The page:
BLAIRE DENSON and MARK EMERY, For the Sun Gazette
When COVID-19 caused school leaders to close schools across Virginia more than a year ago, after-school and summer-enrichment programs didn’t skip a beat.
They transformed in-person programming into online classes for reading, arts, STEM and sports. They opened facilitated learning sites, keeping kids safe, supervised, and supported while they attended “virtual” school and parents worked.
And now, as the delta variant may upend “normal” reopening plans, after-school programs will continue to be critical partners for schools and parents.
But as valuable as these programs are, they have been historically underfunded in Virginia. Right now, three out of four programs across the country are at risk of losing staff or closing their doors completely, despite the ever-growing demand for them. Currently, more than 600,000 Virginia youth are waiting for an available spot in an afterschool program.
Fortunately, we have a tremendous opportunity through the American Rescue Plan to fund after-school and summer-enrichment programs that our kids and families rely on.
The plan gives Virginia’s state and school district leaders decision-making power over more than $2 billion to help students recover. This means there’s potential to ensure access to after-school and summer-enrichment for every child who wants to enroll. But only if our state legislators and agencies choose to fund them.
Decades of research stand behind these programs. Studies show kids who attend enrichment programs make gains in math and reading, and improve their school attendance, work habits, grades and classroom behavior. They are less likely to repeat a grade or use drugs, and more likely to graduate.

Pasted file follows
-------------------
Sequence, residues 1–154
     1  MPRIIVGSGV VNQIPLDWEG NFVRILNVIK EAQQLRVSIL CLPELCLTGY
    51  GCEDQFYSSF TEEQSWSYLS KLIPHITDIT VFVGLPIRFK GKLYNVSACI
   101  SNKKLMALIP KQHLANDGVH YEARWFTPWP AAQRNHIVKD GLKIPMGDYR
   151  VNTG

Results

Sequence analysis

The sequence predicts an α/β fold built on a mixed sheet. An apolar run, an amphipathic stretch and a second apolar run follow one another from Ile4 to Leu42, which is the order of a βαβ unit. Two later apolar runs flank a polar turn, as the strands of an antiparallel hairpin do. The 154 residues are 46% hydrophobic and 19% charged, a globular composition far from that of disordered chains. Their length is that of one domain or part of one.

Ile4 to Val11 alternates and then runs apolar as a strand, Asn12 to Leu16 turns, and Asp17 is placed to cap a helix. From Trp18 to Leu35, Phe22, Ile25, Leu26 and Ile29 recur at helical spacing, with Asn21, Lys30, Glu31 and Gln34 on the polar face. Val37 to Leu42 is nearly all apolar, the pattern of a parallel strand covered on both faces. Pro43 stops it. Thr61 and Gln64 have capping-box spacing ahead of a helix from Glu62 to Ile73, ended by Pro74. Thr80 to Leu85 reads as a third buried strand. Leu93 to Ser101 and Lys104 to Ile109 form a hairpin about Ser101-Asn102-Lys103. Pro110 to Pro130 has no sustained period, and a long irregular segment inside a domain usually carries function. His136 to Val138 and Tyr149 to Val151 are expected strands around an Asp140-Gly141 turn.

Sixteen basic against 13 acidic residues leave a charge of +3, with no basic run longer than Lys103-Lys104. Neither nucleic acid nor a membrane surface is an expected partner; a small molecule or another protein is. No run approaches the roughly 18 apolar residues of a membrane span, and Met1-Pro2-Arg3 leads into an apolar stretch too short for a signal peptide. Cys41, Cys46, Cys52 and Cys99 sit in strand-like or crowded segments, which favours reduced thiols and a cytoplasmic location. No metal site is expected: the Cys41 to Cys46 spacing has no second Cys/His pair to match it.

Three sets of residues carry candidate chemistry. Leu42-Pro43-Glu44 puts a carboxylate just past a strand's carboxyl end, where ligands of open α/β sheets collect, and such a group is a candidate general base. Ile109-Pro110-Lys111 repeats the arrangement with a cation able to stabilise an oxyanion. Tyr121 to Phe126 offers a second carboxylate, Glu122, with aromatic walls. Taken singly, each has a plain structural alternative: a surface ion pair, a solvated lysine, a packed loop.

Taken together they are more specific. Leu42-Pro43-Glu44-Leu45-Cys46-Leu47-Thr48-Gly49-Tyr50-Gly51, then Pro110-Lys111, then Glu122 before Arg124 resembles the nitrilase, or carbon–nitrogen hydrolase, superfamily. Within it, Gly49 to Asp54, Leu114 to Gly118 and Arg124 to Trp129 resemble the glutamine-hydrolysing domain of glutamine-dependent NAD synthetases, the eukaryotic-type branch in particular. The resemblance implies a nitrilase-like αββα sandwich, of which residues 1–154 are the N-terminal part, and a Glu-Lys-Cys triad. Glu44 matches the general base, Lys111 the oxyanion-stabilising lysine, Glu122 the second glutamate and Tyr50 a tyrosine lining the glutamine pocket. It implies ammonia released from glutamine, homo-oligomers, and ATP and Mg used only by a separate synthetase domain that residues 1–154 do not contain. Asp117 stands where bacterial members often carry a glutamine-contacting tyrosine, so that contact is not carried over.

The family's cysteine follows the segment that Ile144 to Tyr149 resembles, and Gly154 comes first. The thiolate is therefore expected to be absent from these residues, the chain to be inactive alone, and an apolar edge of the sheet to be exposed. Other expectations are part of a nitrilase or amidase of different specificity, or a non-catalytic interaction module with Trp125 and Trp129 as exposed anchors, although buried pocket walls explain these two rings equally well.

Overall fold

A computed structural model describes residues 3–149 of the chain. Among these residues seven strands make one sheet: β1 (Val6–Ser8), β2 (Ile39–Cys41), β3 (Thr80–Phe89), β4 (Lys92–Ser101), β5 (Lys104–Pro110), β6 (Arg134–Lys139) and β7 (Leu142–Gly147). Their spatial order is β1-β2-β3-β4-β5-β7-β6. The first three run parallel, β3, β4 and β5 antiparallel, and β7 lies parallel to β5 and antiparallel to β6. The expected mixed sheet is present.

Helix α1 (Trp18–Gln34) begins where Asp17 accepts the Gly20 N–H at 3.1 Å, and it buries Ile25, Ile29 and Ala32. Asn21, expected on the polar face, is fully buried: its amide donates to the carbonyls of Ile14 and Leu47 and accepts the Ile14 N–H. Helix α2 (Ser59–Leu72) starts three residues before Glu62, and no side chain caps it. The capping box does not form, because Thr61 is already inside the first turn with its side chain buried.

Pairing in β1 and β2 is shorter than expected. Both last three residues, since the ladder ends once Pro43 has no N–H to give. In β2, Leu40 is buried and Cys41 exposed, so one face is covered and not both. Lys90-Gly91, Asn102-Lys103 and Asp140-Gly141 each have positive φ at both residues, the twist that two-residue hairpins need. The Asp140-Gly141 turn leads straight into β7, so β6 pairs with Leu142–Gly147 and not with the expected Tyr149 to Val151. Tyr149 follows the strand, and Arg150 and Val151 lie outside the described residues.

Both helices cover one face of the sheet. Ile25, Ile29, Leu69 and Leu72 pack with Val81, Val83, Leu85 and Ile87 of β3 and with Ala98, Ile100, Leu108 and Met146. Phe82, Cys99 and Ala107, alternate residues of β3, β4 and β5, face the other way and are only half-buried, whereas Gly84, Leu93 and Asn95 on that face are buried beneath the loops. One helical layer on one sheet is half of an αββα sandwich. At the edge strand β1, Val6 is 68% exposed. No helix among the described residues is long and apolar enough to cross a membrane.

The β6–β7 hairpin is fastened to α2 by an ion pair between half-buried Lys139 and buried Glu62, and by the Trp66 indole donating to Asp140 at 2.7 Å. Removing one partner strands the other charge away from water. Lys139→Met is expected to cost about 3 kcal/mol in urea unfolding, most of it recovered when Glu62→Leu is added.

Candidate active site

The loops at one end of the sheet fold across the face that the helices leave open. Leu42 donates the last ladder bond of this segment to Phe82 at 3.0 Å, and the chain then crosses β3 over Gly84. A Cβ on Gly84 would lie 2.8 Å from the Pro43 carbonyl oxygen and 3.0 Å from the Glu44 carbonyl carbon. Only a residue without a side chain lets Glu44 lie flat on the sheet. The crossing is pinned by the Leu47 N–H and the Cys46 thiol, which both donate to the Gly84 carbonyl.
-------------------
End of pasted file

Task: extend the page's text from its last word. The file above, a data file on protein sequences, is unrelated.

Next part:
Fairfax County Public Schools and the county government’s Department of Neighborhood and Community Services worked with partners and providers to provide virtual after-school activities across 26 middle schools shortly after COVID-19 hit. Partners collaborated and innovated to provide students with creative, enriching opportunities.
Through partners like Capital One, Arena Stage, Literacy Council of Northern Virginia, Step Afrika, MyChef Shirley, EduTutorVa, George Mason University and Asian American Lead, and grants from the Arby’s Foundation, Panda Express and 21st Century Community Learning Centers, students took cooking, photography, fine arts, theater arts, dance, enhanced literacy for English Language Learners, coding, STEM, and sports and fitness activities.
The program followed the ebb and flow of in-person, hybrid and virtual school-day schedules and returned to its full capacity when COVID-19 restrictions were lifted. We offered in-person, five-week summer programs with full in-person after-school programming in the fall. In addition, FCPS has invested American Rescue Plan resources to expand after-school opportunities at the high-school level.
This summer, hundreds of other similar programs have been operating across Virginia – something that’s especially critical to re-ignite kids’ love of learning, working parents and parents who need time to seek employment. A recent survey found 88 percent of Virginia parents favor public funding of after-school and summer-learning opportunities; and 79 percent say they help them keep their jobs or work more hours.
But without more state and local investment, many of our programs won’t survive. With the American Rescue Plan, we have the opportunity to provide programs across our state that are proven to help kids reach their full potential.
We urge our legislators and district leaders to ask kids what their local program means to them, and use resources from the American Rescue Plan to address the unmet demand for enrichment programs so no more kids are left out.
Denson is executive director of the Virginia Partnership for Out-of-School Time and Emery is administrator of after-school programs for Fairfax County Public Schools.